Laura Ingraham's Net Worth Reflects Her Decades-Long Career As A Political Pundit
Laura Ingraham has come under fire for a tweet mocking a Marjory Stoneman Douglas High School student. Ingraham, who hosts The Ingraham Angle on Fox News, had tweeted about David Hogg getting rejected from four universities he applied to. As major advertisers pull from her show amid the backlash, you might be wondering what Laura Ingraham's net worth is. The conservative TV personality is estimated to be worth a whopping $45 million, according to COED.com.
Ingraham started off as a middle class kid, per COED. She attended high school in Glastonbury, Connecticut, according to her IMDb page, and later on Dartmouth College, where she worked as an editor for The Dartmouth Review. Ingraham was the college's first female editor while she was there in 1985, according to COED. Later on, she was employed as a speechwriter on domestic policies in the Ronald Reagan regime.
In 1991, Ingraham earned a Juris Doctor degree from the University of Virginia's law school. This degree helped her in later on finding work as an attorney.
It's likely that most of her net worth comes from her television career as a political pundit. In the mid 1990s, Ingraham became the host for the MSNBC program Watch It!. In 2008, Ingraham won Fox News' attention and briefly appeared on the show Just In. Prior to that, in 2001, Ingraham had started her own radio talk show called The Laura Ingraham Show on XM Satellite Radio. She has also appeared on The O'Reilly Factor.
In 2017, Ingraham got her own hour-long show on Fox News called The Ingraham Angle. It is unclear how much her salary at Fox News is, but one of the network's most popular hosts, Sean Hannity, for reference, is estimated to earn some $29 million.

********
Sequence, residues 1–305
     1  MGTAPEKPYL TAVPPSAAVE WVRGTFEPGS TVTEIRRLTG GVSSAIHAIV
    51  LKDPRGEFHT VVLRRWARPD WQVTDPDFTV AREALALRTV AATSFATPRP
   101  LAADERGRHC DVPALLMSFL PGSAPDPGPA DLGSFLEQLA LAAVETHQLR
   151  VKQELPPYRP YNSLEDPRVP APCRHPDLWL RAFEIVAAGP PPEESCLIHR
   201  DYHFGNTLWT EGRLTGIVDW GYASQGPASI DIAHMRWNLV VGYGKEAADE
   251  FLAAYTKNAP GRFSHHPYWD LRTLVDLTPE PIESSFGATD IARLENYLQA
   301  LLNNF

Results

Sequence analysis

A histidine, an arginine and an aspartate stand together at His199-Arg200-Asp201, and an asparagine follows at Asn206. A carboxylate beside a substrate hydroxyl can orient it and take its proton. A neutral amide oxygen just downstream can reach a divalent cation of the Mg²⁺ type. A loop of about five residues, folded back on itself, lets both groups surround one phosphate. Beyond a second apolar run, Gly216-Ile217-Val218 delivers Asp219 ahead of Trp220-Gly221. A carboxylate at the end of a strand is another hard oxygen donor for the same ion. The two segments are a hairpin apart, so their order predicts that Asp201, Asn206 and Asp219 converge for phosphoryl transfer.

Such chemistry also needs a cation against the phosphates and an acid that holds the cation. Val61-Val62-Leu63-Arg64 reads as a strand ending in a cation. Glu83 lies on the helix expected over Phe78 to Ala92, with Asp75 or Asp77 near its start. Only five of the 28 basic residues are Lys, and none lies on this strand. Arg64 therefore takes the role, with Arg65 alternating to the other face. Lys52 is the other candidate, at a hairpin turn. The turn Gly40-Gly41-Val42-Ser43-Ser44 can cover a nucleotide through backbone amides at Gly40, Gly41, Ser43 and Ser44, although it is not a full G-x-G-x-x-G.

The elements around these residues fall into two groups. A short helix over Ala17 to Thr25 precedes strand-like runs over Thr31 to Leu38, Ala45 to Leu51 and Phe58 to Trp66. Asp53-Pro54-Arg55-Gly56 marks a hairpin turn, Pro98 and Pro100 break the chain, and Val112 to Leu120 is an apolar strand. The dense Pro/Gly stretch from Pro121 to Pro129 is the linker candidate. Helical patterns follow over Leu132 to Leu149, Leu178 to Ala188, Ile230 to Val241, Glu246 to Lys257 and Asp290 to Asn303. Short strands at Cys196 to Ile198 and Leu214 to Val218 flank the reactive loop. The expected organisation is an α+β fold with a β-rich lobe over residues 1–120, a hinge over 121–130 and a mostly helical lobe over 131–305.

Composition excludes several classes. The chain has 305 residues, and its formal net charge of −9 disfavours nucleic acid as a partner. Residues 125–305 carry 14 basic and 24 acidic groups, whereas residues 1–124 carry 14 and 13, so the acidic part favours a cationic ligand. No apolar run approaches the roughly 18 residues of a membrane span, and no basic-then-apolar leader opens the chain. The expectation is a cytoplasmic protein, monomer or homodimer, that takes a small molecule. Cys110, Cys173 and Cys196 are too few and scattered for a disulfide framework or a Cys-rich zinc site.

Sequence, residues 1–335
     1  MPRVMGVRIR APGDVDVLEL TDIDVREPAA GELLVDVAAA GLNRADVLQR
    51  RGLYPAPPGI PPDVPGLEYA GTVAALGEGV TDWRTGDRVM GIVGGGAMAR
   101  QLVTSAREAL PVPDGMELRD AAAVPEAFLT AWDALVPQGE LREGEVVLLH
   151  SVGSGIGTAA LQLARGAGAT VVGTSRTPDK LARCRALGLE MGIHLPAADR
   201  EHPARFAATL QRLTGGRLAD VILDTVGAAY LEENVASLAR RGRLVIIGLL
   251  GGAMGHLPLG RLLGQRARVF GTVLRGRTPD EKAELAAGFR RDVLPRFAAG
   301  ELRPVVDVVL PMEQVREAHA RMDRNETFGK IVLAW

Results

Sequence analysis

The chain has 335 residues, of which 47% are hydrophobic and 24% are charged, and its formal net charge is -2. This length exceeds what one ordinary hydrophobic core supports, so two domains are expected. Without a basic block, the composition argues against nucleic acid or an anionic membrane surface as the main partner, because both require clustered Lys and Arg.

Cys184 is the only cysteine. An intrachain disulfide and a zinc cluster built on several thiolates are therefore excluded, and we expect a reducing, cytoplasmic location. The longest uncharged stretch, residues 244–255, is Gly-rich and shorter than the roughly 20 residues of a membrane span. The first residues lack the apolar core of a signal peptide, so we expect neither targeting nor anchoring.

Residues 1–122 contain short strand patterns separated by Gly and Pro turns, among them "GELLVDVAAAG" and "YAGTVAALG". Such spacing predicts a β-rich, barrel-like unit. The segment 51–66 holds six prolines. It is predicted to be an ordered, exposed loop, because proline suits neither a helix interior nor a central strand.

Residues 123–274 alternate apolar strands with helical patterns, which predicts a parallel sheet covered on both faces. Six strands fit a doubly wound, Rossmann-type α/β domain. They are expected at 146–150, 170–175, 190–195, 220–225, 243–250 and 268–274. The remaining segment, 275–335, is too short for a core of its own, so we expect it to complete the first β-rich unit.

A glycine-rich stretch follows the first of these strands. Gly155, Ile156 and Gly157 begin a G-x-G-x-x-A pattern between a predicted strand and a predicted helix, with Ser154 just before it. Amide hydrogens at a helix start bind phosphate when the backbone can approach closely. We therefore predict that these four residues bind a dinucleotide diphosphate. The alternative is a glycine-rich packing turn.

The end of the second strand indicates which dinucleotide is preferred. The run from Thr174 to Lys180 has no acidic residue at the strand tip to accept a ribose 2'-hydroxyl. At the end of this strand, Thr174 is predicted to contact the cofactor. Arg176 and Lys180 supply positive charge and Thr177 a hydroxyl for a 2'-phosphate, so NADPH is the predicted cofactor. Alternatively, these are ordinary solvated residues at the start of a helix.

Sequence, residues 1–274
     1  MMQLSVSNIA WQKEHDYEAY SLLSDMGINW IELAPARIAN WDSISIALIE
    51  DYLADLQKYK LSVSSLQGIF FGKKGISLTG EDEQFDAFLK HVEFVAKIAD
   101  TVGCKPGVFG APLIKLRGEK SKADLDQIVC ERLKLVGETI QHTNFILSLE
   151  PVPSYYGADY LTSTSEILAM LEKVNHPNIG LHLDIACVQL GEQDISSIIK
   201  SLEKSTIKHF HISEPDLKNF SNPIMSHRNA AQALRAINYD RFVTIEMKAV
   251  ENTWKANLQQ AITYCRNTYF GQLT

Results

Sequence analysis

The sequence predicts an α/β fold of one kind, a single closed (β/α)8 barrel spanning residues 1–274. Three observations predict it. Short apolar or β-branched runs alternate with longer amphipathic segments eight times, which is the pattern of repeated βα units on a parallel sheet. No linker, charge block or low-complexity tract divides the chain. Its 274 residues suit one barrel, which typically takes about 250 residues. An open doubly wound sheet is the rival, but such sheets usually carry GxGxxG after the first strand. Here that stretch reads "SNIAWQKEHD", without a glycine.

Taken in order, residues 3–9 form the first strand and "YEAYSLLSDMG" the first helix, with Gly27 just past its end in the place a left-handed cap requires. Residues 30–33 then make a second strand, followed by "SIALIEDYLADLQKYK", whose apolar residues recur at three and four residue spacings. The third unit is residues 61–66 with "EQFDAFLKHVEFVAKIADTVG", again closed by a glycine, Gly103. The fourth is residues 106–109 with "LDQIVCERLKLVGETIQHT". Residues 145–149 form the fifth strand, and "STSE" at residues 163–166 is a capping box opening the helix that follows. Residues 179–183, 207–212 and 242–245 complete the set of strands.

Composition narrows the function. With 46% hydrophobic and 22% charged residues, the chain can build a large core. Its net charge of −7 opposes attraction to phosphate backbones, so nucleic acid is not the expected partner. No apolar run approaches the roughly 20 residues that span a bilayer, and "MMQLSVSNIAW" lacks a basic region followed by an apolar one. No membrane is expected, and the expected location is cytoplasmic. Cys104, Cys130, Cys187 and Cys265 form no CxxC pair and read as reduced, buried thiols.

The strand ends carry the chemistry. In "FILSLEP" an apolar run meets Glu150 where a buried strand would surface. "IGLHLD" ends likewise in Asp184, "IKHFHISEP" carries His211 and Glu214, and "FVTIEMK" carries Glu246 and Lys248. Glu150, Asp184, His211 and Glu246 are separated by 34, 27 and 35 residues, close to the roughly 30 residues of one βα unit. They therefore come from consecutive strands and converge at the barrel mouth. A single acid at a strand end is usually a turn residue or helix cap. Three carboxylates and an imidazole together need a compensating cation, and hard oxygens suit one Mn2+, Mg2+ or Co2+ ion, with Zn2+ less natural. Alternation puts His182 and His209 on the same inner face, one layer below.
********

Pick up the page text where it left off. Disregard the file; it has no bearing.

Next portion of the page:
This week, Ingraham found herself in a remarkable controversy over her tweet about Hogg. Hogg is one of the young students who survived the recent horrific school shooting at Marjory Stoneman Douglas High School in Parkland, Florida. The shooting killed 17 students and teachers on Feb. 14 and has led to massive political protests led by young students throughout the United States.
Hogg and his Parkland peers were the organizing force behind the March for Our Lives protest on March 24 in Washington, D.C. On Wednesday, Ingraham tweeted about the Stoneman Douglas student and shared an article that said Hogg had been rejected by four colleges. The student responded to Ingraham's tweet by calling companies to pull their advertisements from her show. He listed the advertisers behind Ingraham's show, including TripAdvisor, Nestle, Hulu, Wayfair, Liberty Mutual, AT&T, and others.
A handful of companies have responded. Hulu pulled its from Ingraham's show, saying in a statement, "We’d like to confirm that we are no longer advertising on Laura Ingraham’s show and are monitoring all of our ad placements carefully." Nestle, too, has removed ads from Ingraham's show. A spokesman for the candy-manufacturing company told CNBC that Nestle does not "condone the inappropriate comments made by this broadcaster." The spokesman added, "In our view, these statements focused on a high school student, cross the line of decency. As such, we have made a decision to stop advertising on that program."
In addition to Nestle and Hulu, TripAdvisor, Nutrish, and Wayfair, too, have stepped away from the conservative commentator's show.
On Thursday, after a number of companies announced that they would no longer advertise on her show, Ingraham apologized for her tweet about Hogg. She wrote on Twitter, "On reflection, in the spirit of Holy Week, I apologize for any upset or hurt my tweet caused him or any of the brave victims of Parkland."
She added, "For the record, I believe my show was the first to feature David immediately after that horrific shooting and even noted how 'poised' he was given the tragedy. As always he's welcome to return to the show anytime for a productive discussion."